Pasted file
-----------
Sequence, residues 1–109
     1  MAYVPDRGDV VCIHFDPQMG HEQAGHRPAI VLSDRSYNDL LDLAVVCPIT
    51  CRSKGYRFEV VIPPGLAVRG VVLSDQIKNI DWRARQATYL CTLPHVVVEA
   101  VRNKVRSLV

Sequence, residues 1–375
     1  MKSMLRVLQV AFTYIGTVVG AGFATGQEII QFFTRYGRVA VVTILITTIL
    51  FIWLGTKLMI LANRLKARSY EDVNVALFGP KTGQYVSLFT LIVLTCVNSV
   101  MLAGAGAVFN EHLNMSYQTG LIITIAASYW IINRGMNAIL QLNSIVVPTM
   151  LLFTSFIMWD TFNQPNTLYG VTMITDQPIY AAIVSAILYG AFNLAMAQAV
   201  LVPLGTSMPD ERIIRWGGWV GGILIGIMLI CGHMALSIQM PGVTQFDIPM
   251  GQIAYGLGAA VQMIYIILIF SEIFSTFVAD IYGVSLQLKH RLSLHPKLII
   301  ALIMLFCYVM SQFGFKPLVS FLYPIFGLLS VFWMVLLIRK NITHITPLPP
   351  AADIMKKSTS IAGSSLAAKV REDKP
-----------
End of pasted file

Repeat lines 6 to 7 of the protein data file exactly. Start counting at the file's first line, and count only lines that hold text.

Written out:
     1  MKSMLRVLQV AFTYIGTVVG AGFATGQEII QFFTRYGRVA VVTILITTIL
    51  FIWLGTKLMI LANRLKARSY EDVNVALFGP KTGQYVSLFT LIVLTCVNSV